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retiring

[ri-tahyuh r-ing]
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adjective
  1. that retires.
  2. withdrawing from contact with others; reserved; shy.
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Origin of retiring

First recorded in 1540–50; retire + -ing2
Related formsre·tir·ing·ly, adverbre·tir·ing·ness, nounnon·re·tir·ing, adjectiveun·re·tir·ing, adjective

Synonyms

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2. diffident, bashful, timid.

retire

[ri-tahyuh r]
verb (used without object), re·tired, re·tir·ing.
  1. to withdraw, or go away or apart, to a place of privacy, shelter, or seclusion: He retired to his study.
  2. to go to bed: He retired at midnight.
  3. to withdraw from office, business, or active life, usually because of age: to retire at the age of sixty.
  4. to fall back or retreat in an orderly fashion and according to plan, as from battle, an untenable position, danger, etc.
  5. to withdraw or remove oneself: After announcing the guests, the butler retired.
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verb (used with object), re·tired, re·tir·ing.
  1. to withdraw from circulation by taking up and paying, as bonds, bills, etc.; redeem.
  2. to withdraw or lead back (troops, ships, etc.), as from battle or danger; retreat.
  3. to remove from active service or the usual field of activity, as an army officer or business executive.
  4. to withdraw (a machine, ship, etc.) permanently from its normal service, usually for scrapping; take out of use.
  5. Sports. to put out (a batter, side, etc.).
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noun Literary.
  1. a place of withdrawal; retreat: a cool retire from summer's heat.
  2. retirement or withdrawal, as from worldly matters or the company of others.
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Origin of retire

1525–35; < Middle French retirer to withdraw, equivalent to re- re- + tirer to draw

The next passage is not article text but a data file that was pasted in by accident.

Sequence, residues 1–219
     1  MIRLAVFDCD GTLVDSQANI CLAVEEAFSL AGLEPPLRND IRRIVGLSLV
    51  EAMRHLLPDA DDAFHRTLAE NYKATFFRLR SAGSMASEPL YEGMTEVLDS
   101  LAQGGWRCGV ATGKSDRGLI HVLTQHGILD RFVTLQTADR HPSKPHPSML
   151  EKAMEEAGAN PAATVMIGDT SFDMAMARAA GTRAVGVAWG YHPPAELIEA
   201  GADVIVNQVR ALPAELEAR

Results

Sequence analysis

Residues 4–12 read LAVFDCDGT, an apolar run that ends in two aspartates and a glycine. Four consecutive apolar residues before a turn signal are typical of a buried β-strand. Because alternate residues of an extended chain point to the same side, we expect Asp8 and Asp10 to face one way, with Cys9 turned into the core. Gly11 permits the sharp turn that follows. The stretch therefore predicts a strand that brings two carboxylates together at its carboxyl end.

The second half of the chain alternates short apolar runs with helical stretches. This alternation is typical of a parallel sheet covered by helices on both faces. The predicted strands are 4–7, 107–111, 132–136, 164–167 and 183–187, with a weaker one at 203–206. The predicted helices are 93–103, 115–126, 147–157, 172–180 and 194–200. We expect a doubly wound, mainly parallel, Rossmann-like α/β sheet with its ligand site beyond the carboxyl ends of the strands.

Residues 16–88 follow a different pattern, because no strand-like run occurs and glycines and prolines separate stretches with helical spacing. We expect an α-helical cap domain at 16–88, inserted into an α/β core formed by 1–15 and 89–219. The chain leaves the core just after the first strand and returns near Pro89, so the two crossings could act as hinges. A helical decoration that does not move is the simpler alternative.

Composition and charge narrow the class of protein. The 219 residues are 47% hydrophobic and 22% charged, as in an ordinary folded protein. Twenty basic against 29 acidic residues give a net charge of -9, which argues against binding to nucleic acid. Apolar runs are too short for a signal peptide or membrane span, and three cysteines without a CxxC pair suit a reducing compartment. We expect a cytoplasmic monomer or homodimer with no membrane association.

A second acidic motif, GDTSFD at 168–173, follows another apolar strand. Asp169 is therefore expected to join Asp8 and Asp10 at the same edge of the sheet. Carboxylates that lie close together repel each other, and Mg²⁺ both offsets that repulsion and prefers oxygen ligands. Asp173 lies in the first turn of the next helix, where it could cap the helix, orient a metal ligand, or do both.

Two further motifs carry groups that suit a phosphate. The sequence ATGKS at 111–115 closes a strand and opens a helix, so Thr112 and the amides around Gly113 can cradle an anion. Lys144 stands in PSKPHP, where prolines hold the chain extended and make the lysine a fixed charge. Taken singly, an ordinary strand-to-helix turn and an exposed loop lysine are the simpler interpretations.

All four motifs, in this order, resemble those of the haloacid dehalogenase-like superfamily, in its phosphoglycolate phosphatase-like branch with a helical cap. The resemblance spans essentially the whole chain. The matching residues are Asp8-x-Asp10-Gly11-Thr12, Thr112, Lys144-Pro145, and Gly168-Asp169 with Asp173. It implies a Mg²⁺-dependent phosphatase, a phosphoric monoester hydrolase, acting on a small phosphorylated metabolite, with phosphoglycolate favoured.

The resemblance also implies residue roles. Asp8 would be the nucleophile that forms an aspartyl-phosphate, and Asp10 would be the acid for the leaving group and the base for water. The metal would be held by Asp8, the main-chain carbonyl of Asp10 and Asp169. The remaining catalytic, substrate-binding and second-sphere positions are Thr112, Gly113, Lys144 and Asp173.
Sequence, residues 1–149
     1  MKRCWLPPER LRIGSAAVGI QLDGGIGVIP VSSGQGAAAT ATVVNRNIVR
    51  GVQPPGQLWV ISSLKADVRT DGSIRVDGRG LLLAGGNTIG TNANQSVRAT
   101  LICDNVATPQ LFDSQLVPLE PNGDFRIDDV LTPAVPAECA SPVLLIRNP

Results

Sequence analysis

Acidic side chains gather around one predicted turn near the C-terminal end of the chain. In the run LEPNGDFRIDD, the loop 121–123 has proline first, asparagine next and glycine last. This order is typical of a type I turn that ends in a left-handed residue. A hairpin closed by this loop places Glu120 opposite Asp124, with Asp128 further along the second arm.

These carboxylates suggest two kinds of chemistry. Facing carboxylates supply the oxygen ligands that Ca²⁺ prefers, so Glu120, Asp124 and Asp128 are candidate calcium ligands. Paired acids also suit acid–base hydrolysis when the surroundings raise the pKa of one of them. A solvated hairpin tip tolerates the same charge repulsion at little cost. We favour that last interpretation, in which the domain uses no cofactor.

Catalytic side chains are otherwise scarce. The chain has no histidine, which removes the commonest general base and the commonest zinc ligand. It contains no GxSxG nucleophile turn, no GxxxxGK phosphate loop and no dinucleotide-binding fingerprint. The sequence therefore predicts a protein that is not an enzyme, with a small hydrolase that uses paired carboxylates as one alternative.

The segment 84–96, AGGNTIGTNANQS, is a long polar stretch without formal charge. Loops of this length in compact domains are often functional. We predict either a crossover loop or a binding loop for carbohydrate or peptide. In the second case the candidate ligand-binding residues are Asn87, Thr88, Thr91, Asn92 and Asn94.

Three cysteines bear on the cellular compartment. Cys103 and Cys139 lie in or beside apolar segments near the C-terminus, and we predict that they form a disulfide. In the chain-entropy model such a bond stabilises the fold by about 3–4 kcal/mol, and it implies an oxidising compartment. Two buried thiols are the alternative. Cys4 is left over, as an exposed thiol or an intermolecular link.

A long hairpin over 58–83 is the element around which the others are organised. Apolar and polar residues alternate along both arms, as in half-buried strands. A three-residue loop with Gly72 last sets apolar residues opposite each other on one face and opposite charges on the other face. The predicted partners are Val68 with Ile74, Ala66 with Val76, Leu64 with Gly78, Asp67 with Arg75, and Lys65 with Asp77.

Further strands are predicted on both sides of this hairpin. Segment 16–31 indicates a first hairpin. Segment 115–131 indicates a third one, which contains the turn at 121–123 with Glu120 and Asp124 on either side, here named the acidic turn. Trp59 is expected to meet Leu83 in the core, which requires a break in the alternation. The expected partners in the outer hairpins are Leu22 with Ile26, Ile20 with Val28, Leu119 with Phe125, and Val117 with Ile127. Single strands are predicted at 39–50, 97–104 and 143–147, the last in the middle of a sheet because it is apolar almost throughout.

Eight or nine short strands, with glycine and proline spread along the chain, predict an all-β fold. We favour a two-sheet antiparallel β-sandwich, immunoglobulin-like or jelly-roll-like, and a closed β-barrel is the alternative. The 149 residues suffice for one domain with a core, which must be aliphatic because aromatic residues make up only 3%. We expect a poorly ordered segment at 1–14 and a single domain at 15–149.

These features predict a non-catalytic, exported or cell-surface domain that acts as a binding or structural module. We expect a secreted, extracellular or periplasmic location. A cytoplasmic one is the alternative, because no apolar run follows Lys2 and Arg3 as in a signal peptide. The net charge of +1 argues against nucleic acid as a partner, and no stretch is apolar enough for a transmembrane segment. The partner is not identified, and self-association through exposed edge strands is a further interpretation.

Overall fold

Related formsre·tir·er, noun

Synonyms

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5. leave, withdraw.

Synonym study

5. See depart.
Dictionary.com Unabridged Based on the Random House Unabridged Dictionary, © Random House, Inc. 2018

Examples from the Web for retiring

Contemporary Examples

Historical Examples

  • "Most willingly," said Virginia, retiring as Lady Delacour advanced.

  • I took no notice: but on her retiring, I found my cloaths were not in the usual order.

    Clarissa, Volume 2 (of 9)

    Samuel Richardson

  • What came before the retiring could have been but a prelude.

    It Happened in Egypt

    C. N. Williamson

  • He remained reserved, retiring, inconspicuous, and puzzling to our understanding.

    The Fortune Hunter

    Louis Joseph Vance

  • Consequently,' said the other gentleman, retiring on his main position, 'why Row?'

    Little Dorrit

    Charles Dickens


British Dictionary definitions for retiring

retiring

adjective
  1. shunning contact with others; shy; reserved
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Derived Formsretiringly, adverb

retire

verb (mainly intr)
  1. (also tr) to give up or to cause (a person) to give up his work, a post, etc, esp on reaching pensionable age (in Britain and Australia usually 65 for men, 60 for women)
  2. to go away, as into seclusion, for recuperation, etc
  3. to go to bed
  4. to recede or disappearthe sun retired behind the clouds
  5. to withdraw from a sporting contest, esp because of injury
  6. (also tr) to pull back (troops, etc) from battle or an exposed position or (of troops, etc) to fall back
  7. (tr)
    1. to remove (bills, bonds, shares, etc) from circulation by taking them up and paying for them
    2. to remove (money) from circulation
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Derived Formsretirer, noun

Word Origin

C16: from French retirer, from Old French re- + tirer to pull, draw
Collins English Dictionary - Complete & Unabridged 2012 Digital Edition © William Collins Sons & Co. Ltd. 1979, 1986 © HarperCollins Publishers 1998, 2000, 2003, 2005, 2006, 2007, 2009, 2012

Word Origin and History for retiring

adj.

1580s, "departing, retreating," present participle adjective from retire (v.). Also "fond of retiring, disposed to seclusion," hence "unobtrusive, modest, subdued" (1766).

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retire

v.

1530s, of armies, "to retreat," from Middle French retirer "to withdraw (something)," from re- "back" (see re-) + Old French tirer "to draw" (see tirade). Related: Retired; retiring.

Meaning "to withdraw" to some place, especially for the sake of privacy, is recorded from 1530s; sense of "leave an occupation" first attested 1640s (implied in retirement). Meaning "to leave company and go to bed" is from 1660s. Transitive sense is from 1540s, originally "withdraw, lead back" (troops, etc.); meaning "to remove from active service" is from 1680s. Baseball sense of "to put out" is recorded from 1874.

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Online Etymology Dictionary, © 2010 Douglas Harper